Labile nature of the visual recovery promoted by reverse occlusion in monocularly deprived kittens.

Abstract

Kittens were monocularly deprived by closing one eye at the time of natural eye opening for periods that ranged from 4 to 14 weeks. This eye was then opened, and the other eye was closed for an approximately equal period of time. During this period of reverse occlusion, the vision of the initially deprived eye improved from apparent blindness to a level of good visual acuity. Surprisingly, however, this recovery was largely eliminated in only 2 weeks once the initially nondeprived eye was opened to restore visual input to both eyes. This finding has important implications for the nature of the mechanism(s) responsible for the dramatic physiological effects of monocular occlusion on the visual cortex. It may also help to elucidate recent observations on patching therapy in human amblyopia.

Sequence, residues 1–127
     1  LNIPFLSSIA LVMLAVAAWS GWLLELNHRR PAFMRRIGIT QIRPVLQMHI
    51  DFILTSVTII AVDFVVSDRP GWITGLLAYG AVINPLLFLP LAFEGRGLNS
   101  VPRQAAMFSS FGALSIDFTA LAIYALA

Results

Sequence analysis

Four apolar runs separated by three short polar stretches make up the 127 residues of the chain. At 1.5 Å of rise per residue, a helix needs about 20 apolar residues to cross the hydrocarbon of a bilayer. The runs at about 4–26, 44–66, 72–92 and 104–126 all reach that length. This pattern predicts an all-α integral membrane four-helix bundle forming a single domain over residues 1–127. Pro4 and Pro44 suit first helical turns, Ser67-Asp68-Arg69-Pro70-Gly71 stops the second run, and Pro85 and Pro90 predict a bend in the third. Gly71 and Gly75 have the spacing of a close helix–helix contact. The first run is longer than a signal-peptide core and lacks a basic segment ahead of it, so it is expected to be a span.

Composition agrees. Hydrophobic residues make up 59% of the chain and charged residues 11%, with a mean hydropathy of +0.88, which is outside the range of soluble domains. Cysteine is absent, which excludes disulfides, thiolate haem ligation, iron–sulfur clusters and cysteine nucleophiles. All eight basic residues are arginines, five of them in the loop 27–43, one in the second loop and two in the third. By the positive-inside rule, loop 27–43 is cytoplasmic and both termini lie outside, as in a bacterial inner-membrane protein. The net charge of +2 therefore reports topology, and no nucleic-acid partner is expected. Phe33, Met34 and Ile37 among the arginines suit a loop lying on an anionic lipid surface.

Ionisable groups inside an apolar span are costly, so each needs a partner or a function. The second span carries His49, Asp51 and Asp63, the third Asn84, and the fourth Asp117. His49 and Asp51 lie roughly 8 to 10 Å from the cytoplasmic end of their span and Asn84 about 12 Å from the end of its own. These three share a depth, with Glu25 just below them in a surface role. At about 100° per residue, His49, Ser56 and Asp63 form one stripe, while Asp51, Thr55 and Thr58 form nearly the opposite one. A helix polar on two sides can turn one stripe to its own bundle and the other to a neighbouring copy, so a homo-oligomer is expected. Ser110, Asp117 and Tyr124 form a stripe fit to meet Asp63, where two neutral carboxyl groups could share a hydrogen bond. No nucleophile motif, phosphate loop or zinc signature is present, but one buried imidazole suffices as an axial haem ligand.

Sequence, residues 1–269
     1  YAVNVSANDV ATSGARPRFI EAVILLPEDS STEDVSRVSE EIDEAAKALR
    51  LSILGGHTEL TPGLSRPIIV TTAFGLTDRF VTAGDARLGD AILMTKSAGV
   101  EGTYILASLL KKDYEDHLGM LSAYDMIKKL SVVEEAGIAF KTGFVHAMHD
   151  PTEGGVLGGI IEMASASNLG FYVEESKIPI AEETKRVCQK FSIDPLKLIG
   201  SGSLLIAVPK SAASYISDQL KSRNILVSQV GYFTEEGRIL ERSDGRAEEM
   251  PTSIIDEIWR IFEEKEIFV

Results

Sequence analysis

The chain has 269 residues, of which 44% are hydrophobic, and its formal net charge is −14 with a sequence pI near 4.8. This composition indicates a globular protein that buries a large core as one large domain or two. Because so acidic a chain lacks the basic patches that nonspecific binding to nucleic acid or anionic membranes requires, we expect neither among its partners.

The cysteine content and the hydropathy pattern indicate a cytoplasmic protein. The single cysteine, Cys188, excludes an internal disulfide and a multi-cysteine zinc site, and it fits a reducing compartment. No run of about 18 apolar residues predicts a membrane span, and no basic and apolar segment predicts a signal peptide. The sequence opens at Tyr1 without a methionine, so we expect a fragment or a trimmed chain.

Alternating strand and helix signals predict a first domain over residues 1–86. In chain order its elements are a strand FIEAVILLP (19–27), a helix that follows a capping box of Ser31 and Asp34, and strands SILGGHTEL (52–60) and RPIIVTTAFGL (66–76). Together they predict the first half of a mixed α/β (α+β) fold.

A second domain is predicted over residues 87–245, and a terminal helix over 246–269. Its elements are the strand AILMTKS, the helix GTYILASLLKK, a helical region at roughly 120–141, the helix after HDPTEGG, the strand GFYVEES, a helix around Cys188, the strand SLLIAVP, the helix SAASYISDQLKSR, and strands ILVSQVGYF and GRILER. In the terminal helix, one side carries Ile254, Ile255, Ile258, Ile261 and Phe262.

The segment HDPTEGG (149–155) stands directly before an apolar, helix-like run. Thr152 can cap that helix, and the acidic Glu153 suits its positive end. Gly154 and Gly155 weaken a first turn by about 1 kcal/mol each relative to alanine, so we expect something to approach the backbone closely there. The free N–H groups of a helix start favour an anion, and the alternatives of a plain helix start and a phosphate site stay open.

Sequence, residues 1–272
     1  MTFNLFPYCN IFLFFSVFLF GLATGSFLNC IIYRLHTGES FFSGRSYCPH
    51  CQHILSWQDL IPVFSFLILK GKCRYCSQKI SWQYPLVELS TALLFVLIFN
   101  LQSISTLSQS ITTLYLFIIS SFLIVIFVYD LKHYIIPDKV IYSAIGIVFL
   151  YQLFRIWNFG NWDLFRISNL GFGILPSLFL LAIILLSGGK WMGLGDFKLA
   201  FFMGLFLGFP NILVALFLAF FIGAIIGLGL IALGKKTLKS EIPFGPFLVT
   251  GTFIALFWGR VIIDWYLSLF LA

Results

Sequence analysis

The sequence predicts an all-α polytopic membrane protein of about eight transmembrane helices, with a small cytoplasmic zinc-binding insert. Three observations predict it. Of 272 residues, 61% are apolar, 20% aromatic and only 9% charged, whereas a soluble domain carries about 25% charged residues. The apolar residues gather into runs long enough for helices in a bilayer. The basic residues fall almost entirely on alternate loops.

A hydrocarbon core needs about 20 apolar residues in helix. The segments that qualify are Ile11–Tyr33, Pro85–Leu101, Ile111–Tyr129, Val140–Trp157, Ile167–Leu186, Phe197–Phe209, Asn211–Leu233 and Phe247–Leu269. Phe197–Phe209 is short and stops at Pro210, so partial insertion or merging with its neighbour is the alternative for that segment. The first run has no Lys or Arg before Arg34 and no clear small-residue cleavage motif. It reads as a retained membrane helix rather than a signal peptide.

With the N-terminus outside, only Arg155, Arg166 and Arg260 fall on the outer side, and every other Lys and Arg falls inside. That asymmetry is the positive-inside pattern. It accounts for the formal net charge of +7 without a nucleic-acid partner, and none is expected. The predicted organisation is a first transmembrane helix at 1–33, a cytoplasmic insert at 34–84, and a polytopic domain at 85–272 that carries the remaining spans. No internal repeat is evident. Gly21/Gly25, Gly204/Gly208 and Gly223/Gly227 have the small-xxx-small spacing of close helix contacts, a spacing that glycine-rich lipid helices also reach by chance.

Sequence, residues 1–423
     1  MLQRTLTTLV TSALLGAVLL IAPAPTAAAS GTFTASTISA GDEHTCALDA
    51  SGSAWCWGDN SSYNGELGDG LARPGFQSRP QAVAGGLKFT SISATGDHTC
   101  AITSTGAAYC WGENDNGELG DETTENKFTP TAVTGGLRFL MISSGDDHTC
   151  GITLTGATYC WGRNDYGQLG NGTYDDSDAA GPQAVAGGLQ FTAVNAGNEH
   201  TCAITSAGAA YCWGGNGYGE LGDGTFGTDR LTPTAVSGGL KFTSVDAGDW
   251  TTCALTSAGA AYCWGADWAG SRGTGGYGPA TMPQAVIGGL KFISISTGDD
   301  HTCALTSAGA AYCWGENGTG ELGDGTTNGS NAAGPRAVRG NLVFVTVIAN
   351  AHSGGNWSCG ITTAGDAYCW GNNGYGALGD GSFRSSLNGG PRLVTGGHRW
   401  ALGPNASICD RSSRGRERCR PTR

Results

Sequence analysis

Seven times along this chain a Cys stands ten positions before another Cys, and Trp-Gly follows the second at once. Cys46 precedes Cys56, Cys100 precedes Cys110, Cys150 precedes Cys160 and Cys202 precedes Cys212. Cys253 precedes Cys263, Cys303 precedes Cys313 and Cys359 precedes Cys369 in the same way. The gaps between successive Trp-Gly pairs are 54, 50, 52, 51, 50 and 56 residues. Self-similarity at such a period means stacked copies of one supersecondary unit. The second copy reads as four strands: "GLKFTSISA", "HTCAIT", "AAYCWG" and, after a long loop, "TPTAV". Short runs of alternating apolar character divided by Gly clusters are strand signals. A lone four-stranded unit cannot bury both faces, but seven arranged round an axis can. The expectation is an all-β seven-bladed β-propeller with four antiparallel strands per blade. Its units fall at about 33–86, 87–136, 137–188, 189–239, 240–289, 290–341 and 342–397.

Cite this paper

@article{Mitchell1984LabileNO, title={Labile nature of the visual recovery promoted by reverse occlusion in monocularly deprived kittens.}, author={Donald E . Mitchell and Kathryn M Murphy and Mitchell G Kaye}, journal={Proceedings of the National Academy of Sciences of the United States of America}, year={1984}, volume={81 1}, pages={286-8} }